Friday, December 14, 2012

Things We Learned From the Latest Farrowing

First off, a little catch up.

Our piggery currently consists of 5 finished pens housing 18 pigs of various ages. It sounds like a lot, and it certainly is, although 13 of them are new piglets.

Hammy, who weighs in at 180 pounds, will be filling our freezer soon.

His sister, Freckles, is 170 pounds and almost old enough to breed, but we may just sell her instead.

Penelope is our other gilt. She has come into heat once, so she'll likely be bred soon... or we may sell her too. She weighs 245 pounds and is cousin to the other two. She's a little older, and therefor a little bigger than they are. (Sorry, no pic of Penelope at present.)

Big Mama and Spot were both bred last August and just recently they each had their second litters. Recently... as in November 26th and 28th, respectively.

Okay, now for the lessons we learned from this last farrowing.

1. Don't do the AI too early (or too late). We think this is what happened with Spot, as she had only 5 piglets. Seeing that this was her second litter, we expected many more than that. On the other hand, they're sure growing fast without much competition for milk.

2. Don't breed the sows at the same time. It makes for a heck of a lot of work at farrowing time and hardly any sleep for us. Mike says the reason he did it this way was to pay less for the shipping of the semen, and for the potential cross-fostering of the piglets. Unfortunately, because they ended up having their litters 2 days apart, the cross-fostering thing didn't work out. (We tried.) It works best to do this within the first 24 hours or so.

3. NO fresh wood chips. We thought we were doing a favor to prep the pens for birthing by giving them a nice clean layer of fresh chips. WRONG! Warm, wet wood chips that haven't yet been inoculated with IMO's harbor the bacteria that causes mastitis. We learned this the hard way. Both our girls, one after the other, got sick with high fever, inflamed udders, loss of appetite. They just lay in misery, ignoring their piglets because they were so out of it with fever. Mike had to go out to the barn every hour, night and day, to prod them until they rolled over to nurse their piglets. Sadly, Spot lost one of her piglets during this time. Mastitis is serious stuff. We had to give the sows penicillin injections, spray them and their pens with lacto, spread IMO4 all over the bedding like crazy... and in a few days they were back on their feet, eating, and nursing well again - thank goodness!

4. Don't wait too long to assist birthing. I think we could have possibly saved a couple of Big Mama's piglets if we had gone in to assist sooner than we did. She would have had 12, but 2 were born dead. Next time, we won't wait as long.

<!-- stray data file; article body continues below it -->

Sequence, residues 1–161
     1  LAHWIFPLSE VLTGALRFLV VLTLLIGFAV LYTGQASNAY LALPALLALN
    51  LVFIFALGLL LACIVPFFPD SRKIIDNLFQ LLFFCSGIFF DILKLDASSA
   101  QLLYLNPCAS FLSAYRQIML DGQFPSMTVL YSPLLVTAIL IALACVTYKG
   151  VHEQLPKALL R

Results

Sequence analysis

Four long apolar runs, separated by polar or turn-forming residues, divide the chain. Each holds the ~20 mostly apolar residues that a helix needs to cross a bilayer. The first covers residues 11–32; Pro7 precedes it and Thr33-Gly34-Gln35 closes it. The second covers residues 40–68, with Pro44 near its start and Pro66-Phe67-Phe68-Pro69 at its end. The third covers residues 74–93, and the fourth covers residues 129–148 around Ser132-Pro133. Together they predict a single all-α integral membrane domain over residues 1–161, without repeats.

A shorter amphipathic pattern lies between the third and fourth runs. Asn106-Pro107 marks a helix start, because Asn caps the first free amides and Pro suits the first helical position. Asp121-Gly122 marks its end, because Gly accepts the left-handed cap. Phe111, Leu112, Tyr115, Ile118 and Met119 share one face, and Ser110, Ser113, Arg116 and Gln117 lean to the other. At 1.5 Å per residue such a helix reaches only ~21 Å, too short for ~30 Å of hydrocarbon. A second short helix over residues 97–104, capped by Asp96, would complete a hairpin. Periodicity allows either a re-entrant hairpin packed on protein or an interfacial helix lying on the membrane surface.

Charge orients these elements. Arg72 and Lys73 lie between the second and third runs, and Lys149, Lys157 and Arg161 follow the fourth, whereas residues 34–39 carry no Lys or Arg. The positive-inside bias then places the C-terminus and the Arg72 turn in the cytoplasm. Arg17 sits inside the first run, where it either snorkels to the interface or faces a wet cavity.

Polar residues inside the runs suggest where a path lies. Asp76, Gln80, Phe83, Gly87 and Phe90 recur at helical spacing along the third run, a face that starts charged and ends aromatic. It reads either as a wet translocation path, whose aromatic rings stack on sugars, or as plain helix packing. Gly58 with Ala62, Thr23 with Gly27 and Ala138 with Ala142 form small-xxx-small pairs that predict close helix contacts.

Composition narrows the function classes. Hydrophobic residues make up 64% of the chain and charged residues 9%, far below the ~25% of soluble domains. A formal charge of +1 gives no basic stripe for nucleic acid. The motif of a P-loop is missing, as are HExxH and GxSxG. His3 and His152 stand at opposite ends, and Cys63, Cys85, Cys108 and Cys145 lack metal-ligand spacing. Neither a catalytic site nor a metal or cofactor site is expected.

5. Restrict feed on the due date. Pigs are reliably prompt with their due date. We did give Big Mama less feed that morning, but apparently, it was still too much. Poor Mama was throwing up with every contraction. Since Spot was a couple days later, she benefited from her sister's experience and got less feed on her due date. That seemed to help.

All in all, we are a little disappointed in having only 15 piglets born. Since it was the second litters for these sows, we thought there would be more. But we can see where circumstances may have contributed to the lower birth and survival rates, and will correct them for next time. I should mention, we lost one more piglet to internal injuries due to being stepped on, poor little thing. Thus, there are 13 piglets left to sell at weaning time.

Still, all thirteen piglets are thriving under the excellent attentiveness of their mothers.

Wednesday, June 27, 2012

Second Litter of the Season

The waiting time is over!  Spot had her babies last week.  Eight more healthy piglets!  This time it was 7 males and 1 female, just the opposite of Big Mama's litter.  The birthing went well.  Spot was restless at first but after a while she finally just lay down.  Only two required a little help from us.  We sprinkled extra IMO in between babies to help keep the flies down.  The whole thing only lasted about 5 hours.  Way to go, Spot!

These were from a Hampshire-Yorkshire cross boar, so two of the piglets are mostly black, with white forefeet.

Mama Spot and all eight piglets are doing really well.  Looks like we finally have the good mothering instincts we were looking for.  We will keep two of the gilts from the first litter to increase our breeding stock.  The rest of the piglets will be sold off at weaning time, at about 6 weeks of age.  This means that the first litter is ready to go now, and many of them have already been picked up and headed off to their new homes.  These little new ones will be ready in another 5 weeks.  It's amazing how fast they grow!

Friday, May 18, 2012

Announcing the Second Generation Natural Farmed Pigs!

The piglets are here! Eight healthy piglets were farrowed May 16, 2012 by our sow Big Girl. (Those who have read past posts may recall that Big Girl was born here last year, on the 4th of July, in the first ever litter of NF pigs!)

Farrowing began at 1:35pm and continued all afternoon until about 7:00pm. After the first five, there was a pause of an hour or so before the other three came out. The placentas were all delivered easily and buried with a sprinkling of IMO4. No smell, no flies!

This litter has 7 females and only 1 male, so we won't have to do any castration this time. Normally, we would do this at 7-10 days old.

Big Girl, now Big Mama, is an excellent mother with her natural instincts intact and an ample milk supply. We couldn't be more pleased about that! All the piglets are thriving, even without heat lamps or creep area. There is enough room for mother and babies in the pen, and Mama is responsive to the babies so no worry about her squishing them.